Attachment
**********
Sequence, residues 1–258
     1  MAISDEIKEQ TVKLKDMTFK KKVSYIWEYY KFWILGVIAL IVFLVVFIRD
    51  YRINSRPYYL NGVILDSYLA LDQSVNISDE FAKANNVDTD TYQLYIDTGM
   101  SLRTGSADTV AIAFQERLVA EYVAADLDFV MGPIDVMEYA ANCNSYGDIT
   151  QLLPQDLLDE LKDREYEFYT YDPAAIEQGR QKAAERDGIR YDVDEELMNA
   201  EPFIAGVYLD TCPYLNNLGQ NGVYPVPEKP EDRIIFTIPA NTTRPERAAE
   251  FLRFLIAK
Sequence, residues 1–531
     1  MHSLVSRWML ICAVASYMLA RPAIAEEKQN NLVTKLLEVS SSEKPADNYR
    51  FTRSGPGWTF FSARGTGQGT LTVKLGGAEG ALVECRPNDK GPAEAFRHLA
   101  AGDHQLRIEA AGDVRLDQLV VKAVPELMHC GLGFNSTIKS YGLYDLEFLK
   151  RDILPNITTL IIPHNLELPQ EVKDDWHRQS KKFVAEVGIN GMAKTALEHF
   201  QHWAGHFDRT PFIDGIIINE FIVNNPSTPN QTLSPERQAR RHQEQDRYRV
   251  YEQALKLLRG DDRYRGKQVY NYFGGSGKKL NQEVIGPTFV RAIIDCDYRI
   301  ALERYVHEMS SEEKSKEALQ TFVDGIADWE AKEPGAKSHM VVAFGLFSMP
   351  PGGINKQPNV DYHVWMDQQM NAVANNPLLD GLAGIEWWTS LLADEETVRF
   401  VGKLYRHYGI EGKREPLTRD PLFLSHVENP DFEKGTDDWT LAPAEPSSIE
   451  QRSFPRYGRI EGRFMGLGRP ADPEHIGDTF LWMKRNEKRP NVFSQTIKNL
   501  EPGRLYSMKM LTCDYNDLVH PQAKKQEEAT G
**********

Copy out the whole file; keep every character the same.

Sequence, residues 1–258
     1  MAISDEIKEQ TVKLKDMTFK KKVSYIWEYY KFWILGVIAL IVFLVVFIRD
    51  YRINSRPYYL NGVILDSYLA LDQSVNISDE FAKANNVDTD TYQLYIDTGM
   101  SLRTGSADTV AIAFQERLVA EYVAADLDFV MGPIDVMEYA ANCNSYGDIT
   151  QLLPQDLLDE LKDREYEFYT YDPAAIEQGR QKAAERDGIR YDVDEELMNA
   201  EPFIAGVYLD TCPYLNNLGQ NGVYPVPEKP EDRIIFTIPA NTTRPERAAE
   251  FLRFLIAK
Sequence, residues 1–531
     1  MHSLVSRWML ICAVASYMLA RPAIAEEKQN NLVTKLLEVS SSEKPADNYR
    51  FTRSGPGWTF FSARGTGQGT LTVKLGGAEG ALVECRPNDK GPAEAFRHLA
   101  AGDHQLRIEA AGDVRLDQLV VKAVPELMHC GLGFNSTIKS YGLYDLEFLK
   151  RDILPNITTL IIPHNLELPQ EVKDDWHRQS KKFVAEVGIN GMAKTALEHF
   201  QHWAGHFDRT PFIDGIIINE FIVNNPSTPN QTLSPERQAR RHQEQDRYRV
   251  YEQALKLLRG DDRYRGKQVY NYFGGSGKKL NQEVIGPTFV RAIIDCDYRI
   301  ALERYVHEMS SEEKSKEALQ TFVDGIADWE AKEPGAKSHM VVAFGLFSMP
   351  PGGINKQPNV DYHVWMDQQM NAVANNPLLD GLAGIEWWTS LLADEETVRF
   401  VGKLYRHYGI EGKREPLTRD PLFLSHVENP DFEKGTDDWT LAPAEPSSIE
   451  QRSFPRYGRI EGRFMGLGRP ADPEHIGDTF LWMKRNEKRP NVFSQTIKNL
   501  EPGRLYSMKM LTCDYNDLVH PQAKKQEEAT G